Bottom line…

While copper may be able to put together a few small technical rallies, we still don’t have the fundamental tailwinds needed to get long this market.


Precious Metals

Both gold and silver have developed very intriguing technical patterns over the past month…

Gold is forming a bullish flag pattern just shy of the 200-day moving average at $1,180 an ounce.  At the same time, silver looks poised to surpass its 200-day moving average at $16 an ounce.

Could the metals finally break free from the bearish chains that have held them down the past few years?

While the price action over the past month is encouraging, it’s still too early to tell just how far bulls are willing to push the metals.

Keep in mind, both gold and silver still have important technical resistance to overcome at $1,200 and $16.70, respectively.

Should the Fed give concrete guidance that they’ll keep interest rates lower for longer in their meeting this Wednesday, we may see more capital flow into the precious metals complex.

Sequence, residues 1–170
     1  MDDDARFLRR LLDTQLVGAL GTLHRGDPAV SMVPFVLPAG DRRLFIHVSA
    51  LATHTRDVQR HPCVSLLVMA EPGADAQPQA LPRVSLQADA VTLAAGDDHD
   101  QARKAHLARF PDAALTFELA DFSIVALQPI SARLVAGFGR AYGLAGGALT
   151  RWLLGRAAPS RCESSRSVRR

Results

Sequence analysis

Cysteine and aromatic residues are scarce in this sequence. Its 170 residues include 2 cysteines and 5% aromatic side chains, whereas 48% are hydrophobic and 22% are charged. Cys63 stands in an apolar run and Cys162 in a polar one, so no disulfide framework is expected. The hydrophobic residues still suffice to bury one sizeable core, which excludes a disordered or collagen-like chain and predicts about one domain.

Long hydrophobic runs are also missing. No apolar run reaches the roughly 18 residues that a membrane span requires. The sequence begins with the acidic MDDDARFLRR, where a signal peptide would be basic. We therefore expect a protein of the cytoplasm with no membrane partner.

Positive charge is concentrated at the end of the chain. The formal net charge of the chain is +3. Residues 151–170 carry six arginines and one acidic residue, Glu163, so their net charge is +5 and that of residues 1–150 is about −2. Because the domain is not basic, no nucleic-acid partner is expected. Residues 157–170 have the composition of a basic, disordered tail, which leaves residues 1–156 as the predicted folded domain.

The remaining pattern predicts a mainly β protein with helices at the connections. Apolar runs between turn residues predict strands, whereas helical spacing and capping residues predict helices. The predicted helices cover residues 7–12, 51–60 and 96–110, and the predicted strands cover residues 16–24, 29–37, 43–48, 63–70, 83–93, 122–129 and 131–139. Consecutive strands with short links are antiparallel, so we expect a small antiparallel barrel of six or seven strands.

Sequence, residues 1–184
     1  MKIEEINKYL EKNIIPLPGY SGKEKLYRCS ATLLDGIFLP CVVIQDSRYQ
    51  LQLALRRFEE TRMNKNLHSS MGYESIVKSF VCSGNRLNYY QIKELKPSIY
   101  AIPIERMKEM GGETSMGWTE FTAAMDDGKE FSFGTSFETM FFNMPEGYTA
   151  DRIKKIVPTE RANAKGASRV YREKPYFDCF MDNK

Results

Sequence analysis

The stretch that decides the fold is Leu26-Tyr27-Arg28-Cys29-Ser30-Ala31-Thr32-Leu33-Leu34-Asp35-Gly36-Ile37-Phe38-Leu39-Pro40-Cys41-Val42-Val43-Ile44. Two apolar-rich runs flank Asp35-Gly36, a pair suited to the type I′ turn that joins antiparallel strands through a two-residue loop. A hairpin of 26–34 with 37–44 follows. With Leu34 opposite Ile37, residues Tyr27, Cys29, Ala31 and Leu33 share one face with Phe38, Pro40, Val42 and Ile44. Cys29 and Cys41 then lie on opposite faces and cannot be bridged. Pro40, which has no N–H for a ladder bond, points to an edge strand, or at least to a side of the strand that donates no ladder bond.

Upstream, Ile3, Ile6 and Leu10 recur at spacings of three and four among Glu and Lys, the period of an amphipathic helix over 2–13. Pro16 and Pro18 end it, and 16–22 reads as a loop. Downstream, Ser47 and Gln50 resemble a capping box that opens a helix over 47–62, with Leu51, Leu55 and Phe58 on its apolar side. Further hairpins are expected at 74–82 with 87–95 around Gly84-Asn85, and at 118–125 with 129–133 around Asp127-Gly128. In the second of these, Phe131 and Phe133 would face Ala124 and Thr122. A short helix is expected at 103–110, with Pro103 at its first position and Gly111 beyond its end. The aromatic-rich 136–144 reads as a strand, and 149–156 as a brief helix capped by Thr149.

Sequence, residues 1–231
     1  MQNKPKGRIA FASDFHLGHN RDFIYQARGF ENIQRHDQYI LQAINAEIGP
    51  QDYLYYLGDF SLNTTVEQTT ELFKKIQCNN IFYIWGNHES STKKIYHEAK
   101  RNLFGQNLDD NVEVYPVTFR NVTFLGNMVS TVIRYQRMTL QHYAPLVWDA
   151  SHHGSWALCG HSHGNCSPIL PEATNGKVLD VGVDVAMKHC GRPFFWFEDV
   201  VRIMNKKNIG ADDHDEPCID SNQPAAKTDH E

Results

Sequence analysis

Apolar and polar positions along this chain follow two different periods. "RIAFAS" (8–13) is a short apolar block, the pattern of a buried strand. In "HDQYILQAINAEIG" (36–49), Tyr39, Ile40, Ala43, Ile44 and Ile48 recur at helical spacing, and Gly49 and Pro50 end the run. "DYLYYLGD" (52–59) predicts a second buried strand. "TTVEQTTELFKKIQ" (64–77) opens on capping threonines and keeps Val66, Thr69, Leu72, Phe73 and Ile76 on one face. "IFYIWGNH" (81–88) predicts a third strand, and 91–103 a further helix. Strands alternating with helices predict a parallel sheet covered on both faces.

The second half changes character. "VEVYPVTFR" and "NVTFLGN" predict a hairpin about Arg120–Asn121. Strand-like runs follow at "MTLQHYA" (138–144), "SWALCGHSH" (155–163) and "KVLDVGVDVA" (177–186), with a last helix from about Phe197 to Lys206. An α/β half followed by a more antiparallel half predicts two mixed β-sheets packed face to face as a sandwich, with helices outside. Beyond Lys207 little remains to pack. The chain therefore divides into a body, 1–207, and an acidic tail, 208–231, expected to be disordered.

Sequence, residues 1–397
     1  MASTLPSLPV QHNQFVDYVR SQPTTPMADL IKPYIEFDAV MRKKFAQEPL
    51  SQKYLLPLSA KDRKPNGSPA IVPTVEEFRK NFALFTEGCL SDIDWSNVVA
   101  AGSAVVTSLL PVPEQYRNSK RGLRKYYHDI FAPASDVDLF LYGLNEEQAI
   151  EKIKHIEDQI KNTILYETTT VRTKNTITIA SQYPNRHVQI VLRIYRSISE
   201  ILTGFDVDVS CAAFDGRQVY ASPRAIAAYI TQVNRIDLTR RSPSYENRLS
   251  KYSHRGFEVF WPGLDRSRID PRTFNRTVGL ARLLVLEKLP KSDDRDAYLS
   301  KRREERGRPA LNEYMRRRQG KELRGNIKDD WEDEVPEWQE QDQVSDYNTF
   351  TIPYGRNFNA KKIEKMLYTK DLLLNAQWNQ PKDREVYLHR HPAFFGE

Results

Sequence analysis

Without question, softs were the best performing commodity complex over the past month.  Bullish moves from sugar, lumber, and orange juice took our softs complex tracking ETF (JJS) sharply higher on the month.

Will this strength continue?

Quite possibly.

A very strong El Nino weather pattern has the potential to disrupt crops the world over.   The commodities most at risk of supply disruptions are cocoa and sugar.

While it’s tempting to get long sugar right now, there’s a distinct possibility the world’s largest producer, India, uses the recent rally from multi-year lows to dump unwanted inventories on the market.

Such action would certainly send the commodity back to lower ground.

However, if we see a reasonable market pullback in sugar, we may use it as an opportunity to get long.  A recent supply/demand outlook from the International Sugar Organization suggests the sugar market will go into deficit this crop year and next.


Live cattle succumbed to a rather vicious selloff in September…

The commodity sank 15% last month as investors focused on slowing demand from meat packers.  With demand weakening, there was a noticeable buildup of heavy cattle in feedlots- a bearish signal.

But the weakness didn’t last long…

Live cattle regained all their September losses the first few weeks of this month when investors realized beef supplies will likely remain restricted through the end of this year and into 2016.

While I don’t foresee another stunning rally to record highs anytime soon, both live and feeder cattle should maintain current prices for the foreseeable future.


Category: Commodity Trading